Imagine sitting down at an empty table with an empty stomach and an empty menu in front of you. It is full of various types of Chinese food, some familiar to you, some not, and you want to try all of it.
Imagine that, due to each dish’s small size and equally small price, you can sample them all. They arrive at your table in disorganized waves, and you and your dining companions dig in with an anarchic frenzy, using their hands, chopsticks, silverware or any combination of the three. Imagine wobbling out of the restaurant fully sated, knowing that the aforementioned feast hardly left a dent in your wallet. This is dim sum.
Okay, so if you’ve ever lived anywhere in or around New York City (or any major city for that matter), this concept is probably not so foreign to you. But having been born and raised in the food-lover’s nightmare that is Rochester, restaurants like this are often a godsend. The process is simple. You get a menu, circle whatever sounds tasty and eat it whenever the mostly silent waitresses bring it out to you. You then pay the bill and leave. Digest and repeat.
Last Sunday, while most patriotic Americans were glued to their TV feeling a little better about themselves and their knowledge of the national anthem, three friends and I decided to head to Golden Port Dim Sum on East Ave. It was a fitting choice given that two of them were vegetarians and Golden Port has a relatively large and very tasty selection of vegetarian dim sum. We passed the menu around, circling items impulsively and waited for the wonderful consequences of our actions.
The tempura crab sticks came first. Though I previously believed that anything breaded in panko and then subsequently deep fried is bound to be wonderful, the crab itself was a bit mushy and flavorless. The crispy crunchiness of the fried pork spring rolls fully made up for it, though.
The shrimp toasts were moist, briny, crunchy pockets of goodness that should be mandatory with every meal. The staples of every trip here for me, the scallion pancakes and turnip cakes, were perfect as usual: The scallion pancakes were thin and crispy and luckily not overly greasy, and the turnip cakes can only be described as a wonderful variation on a hash brown, but much richer.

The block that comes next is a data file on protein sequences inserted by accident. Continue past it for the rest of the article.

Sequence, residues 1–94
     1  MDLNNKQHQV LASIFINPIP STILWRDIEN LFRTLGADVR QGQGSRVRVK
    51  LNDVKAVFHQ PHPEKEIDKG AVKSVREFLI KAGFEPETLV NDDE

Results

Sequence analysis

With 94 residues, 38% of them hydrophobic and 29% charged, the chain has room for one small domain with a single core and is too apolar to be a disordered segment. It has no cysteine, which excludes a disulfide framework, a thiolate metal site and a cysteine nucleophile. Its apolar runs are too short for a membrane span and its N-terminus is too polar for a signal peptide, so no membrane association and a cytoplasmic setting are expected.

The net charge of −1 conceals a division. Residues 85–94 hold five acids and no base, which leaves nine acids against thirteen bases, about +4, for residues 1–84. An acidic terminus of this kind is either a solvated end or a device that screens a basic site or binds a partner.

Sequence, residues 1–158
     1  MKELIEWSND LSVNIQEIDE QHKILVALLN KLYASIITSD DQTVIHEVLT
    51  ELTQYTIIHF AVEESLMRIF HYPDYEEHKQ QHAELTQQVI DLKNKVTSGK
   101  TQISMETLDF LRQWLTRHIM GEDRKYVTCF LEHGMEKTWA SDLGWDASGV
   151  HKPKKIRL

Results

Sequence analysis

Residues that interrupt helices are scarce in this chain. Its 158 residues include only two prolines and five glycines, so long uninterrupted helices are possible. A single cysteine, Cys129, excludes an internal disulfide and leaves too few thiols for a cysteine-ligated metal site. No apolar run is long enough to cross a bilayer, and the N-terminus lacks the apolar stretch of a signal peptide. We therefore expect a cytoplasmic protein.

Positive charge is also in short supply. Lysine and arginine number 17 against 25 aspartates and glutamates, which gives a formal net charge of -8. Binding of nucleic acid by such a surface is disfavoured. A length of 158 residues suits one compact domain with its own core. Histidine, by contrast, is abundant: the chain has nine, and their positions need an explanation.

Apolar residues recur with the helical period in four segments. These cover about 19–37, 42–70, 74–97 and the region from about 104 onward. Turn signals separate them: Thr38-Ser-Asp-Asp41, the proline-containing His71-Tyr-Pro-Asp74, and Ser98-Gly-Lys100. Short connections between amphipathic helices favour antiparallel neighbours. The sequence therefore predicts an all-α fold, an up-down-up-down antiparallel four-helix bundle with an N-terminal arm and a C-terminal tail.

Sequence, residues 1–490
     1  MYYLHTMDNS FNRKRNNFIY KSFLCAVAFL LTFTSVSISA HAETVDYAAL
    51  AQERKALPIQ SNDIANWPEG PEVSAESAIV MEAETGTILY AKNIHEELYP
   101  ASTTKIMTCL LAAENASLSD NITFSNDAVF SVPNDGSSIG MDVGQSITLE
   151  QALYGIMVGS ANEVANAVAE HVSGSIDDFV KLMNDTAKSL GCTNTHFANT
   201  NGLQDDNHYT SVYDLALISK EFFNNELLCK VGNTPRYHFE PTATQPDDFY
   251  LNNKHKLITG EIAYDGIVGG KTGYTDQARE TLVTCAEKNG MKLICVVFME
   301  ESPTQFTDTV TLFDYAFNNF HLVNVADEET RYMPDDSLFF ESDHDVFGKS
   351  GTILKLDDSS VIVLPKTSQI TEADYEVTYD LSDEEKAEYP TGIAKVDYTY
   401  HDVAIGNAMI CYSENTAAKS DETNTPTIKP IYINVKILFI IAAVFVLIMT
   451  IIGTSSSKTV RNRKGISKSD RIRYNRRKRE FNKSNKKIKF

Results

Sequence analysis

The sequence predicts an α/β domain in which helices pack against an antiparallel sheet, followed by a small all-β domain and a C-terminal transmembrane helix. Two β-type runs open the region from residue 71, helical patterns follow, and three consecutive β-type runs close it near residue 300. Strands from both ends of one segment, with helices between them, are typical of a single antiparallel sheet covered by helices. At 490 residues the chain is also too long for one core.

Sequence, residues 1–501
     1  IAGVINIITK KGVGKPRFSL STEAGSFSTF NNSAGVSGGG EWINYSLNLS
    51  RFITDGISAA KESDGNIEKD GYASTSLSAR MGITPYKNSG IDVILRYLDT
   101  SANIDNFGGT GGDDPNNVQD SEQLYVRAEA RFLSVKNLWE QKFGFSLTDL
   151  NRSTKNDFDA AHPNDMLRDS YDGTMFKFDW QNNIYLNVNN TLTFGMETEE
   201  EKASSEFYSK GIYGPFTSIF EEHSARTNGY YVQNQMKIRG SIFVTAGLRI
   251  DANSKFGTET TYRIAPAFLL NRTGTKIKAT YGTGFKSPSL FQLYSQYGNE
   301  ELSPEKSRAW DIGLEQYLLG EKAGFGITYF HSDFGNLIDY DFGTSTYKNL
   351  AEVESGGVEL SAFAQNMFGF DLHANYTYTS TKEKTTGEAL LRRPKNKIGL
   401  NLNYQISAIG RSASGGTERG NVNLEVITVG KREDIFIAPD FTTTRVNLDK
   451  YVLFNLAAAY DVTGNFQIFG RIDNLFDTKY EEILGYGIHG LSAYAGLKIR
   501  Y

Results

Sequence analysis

One of my favorite parts of any trip to Golden Port is the edamame. For those who don’t know, these are salted and boiled soy beans that one pops out of their skin and eats without mercy. As per usual, they were a real crowd pleaser.
The fried pork dumplings that we received were less satisfying, the grayish, meatball-like filling had an unappetizing texture and salty but bland flavor. I recommend sticking to the much more subtle and complex flavor and texture of the veggie dumplings. The fried tofu was fairly disappointing as well — the inside was slimy and mushy, and the whole dish tasted of essentially nothing.
All in all, the meal was highly satisfying. Each time I venture into Golden Port I have to select few items that I know I’m going to order, but I also plan on trying a few new items. And with the low prices that average about $3-4 per dim sum, trying new things is quite affordable. The service is quick and generally satisfactory, and the food of very high quality every time.
But the thing that I love the most about this place — the thing that restaurants and home chefs alike could stand to learn something from — is the overall format of the meal. With everyone ordering several small portions sharing becomes so common that by the end of the meal no one knows who ordered what, and it doesn’t matter. Everyone can sit back, relax and pick up and take whatever food looks good to him or her, the way eating should be.
Ford is a member of
the class of 2013.